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Sunday, 14 December 2014

a heavy weightless thing

a heavy weightless thing (audio) 
(click on image for audio version on Sound Cloud)




It comes slowly and silently, with autumn cloud tenderness. Warm handed it will hold you, caress and lull you softly into its sleep. Or it comes all together at once, loud and sudden, like thunder, violent like a fist that hits whilst you are looking the other way, whilst you are dreaming.
of tomorrow. It will grab the future from your vision, until you can see only today.
It is heavy. Like the heaviest weightless thing you have ever carried. The burden of it will not fall upon your hands and shake it, nor upon your back and break it. It will be heavy within you, like smog, like a dead thing; alive but dying. Like how the first breath, and the last breath is the same; and in the moment of it, it is difficult to tell which is which.

It will rest upon your bones and tell you that you are not moving today. The message comes from a full empty place, a faceless face; nothing seen, and a voiceless voice; nothing heard, but it is clear, and it is there. You are not moving today. And you will not move. Your veins will become hollow, like abandoned temples once filled with prayer. Not even prayer will move you. And what is prayer, if there is no sound? That thing you were looking forward to suddenly becomes burden, so you will make excuses. I am not feeling well; I am not feeling myself. I am not feeling. But then you remember their face, and see how it looks at you when you are not there when you said you would be. Their face now reminds you of how you feel inside, and because you know how it feels to feel this way and you do not want them to feel this way, so you go, to that thing. And they, they only feel this way on their face, but you, you feel this way in your bones, and it grinds you, all the way to dust. So you go, to that thing, and there you are, moveless. Though you thought you beat it, didn’t you?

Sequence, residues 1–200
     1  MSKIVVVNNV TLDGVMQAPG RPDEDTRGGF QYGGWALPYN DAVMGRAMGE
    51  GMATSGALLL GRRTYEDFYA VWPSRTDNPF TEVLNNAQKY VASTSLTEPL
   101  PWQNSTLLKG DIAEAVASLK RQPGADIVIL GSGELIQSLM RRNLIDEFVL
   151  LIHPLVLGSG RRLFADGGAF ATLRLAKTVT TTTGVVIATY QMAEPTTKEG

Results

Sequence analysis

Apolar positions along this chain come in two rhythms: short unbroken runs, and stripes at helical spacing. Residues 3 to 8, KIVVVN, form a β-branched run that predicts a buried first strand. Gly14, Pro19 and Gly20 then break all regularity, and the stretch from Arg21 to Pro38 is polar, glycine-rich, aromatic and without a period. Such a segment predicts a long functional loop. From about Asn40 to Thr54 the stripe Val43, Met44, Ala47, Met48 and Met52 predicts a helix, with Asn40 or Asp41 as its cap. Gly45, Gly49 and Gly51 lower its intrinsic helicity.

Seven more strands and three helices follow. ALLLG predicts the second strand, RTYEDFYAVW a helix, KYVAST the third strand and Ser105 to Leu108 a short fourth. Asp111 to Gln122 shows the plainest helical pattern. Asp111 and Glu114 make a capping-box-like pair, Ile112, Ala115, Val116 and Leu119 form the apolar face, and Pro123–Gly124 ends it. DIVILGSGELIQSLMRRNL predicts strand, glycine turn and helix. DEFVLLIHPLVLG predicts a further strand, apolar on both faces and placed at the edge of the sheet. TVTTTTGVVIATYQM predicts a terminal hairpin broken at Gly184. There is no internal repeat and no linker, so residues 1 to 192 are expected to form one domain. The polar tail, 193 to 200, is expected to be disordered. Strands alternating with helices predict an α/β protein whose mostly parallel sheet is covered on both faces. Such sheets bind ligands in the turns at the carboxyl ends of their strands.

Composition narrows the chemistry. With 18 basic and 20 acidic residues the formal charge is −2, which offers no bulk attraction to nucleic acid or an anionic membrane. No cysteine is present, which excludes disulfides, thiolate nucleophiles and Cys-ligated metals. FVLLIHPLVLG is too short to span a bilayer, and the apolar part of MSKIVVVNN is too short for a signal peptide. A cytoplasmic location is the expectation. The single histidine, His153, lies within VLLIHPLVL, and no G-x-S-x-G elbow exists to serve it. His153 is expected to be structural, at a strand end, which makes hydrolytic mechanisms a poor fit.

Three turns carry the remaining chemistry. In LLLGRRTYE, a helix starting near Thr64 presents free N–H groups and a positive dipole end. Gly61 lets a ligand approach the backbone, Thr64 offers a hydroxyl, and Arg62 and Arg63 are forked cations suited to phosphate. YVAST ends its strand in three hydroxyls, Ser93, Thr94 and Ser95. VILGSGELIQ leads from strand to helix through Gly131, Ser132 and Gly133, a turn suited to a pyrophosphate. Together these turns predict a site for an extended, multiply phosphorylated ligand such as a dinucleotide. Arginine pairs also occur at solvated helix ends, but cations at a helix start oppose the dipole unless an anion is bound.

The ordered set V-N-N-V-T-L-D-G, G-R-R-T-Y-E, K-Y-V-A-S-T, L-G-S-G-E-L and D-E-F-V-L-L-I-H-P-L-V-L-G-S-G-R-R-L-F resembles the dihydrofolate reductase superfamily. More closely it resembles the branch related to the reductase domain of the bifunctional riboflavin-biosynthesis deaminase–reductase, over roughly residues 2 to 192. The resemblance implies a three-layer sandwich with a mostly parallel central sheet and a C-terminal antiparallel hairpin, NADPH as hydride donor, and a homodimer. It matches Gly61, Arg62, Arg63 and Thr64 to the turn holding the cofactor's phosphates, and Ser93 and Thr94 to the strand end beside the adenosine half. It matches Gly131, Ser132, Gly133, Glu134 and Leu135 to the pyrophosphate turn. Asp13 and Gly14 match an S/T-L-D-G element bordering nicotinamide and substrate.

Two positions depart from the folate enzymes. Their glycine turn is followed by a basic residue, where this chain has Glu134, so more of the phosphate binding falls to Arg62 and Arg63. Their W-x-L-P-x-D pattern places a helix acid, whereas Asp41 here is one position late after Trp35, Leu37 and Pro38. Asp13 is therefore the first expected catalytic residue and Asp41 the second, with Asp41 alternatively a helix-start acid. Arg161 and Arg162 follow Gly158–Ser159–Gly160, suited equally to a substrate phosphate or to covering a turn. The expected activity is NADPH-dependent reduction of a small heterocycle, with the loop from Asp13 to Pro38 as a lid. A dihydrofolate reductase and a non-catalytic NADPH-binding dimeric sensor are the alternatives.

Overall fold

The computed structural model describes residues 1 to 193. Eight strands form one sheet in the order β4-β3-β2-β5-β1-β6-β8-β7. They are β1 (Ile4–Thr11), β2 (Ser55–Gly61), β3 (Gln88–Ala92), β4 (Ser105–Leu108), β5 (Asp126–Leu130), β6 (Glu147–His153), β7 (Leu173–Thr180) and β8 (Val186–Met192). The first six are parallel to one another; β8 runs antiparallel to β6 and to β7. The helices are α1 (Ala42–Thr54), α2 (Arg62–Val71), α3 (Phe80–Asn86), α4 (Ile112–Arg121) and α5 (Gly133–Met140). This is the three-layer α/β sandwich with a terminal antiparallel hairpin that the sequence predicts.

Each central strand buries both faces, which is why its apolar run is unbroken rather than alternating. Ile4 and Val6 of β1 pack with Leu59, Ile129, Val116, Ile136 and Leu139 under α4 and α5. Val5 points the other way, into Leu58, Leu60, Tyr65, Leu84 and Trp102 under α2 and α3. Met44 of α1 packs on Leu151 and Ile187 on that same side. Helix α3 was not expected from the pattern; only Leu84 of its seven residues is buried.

At least for today you thought you beat that voice without a voice when you went, but it was right when it said you are not moving today because you went to this thing and you did not move, just like it said. You were there and you did not move.

There are times when you will move, but even in your moving you are moveless, for the times when you move and you think you have beaten it by moving, you eventually realise that your moving was on the outside. That even the moment of your moving, your inside does not move, and you feel this. You feel this when your moving is finished and you go back to being still, to it being right, that voice without a voice. It speaks. But for a moment, you were happy, because they were happy, for they saw you move but did not know that your moving was not like theirs though it looked the part.

And you give yourself, to your destruction because the fall is much easier than the climb. The fall is weightless. A perpetual freedom. The ground is closer to touch than the sky, so why reach up? Why when you will never be able to feel the sky? The sky envelopes. The sky consumes. It is heavy.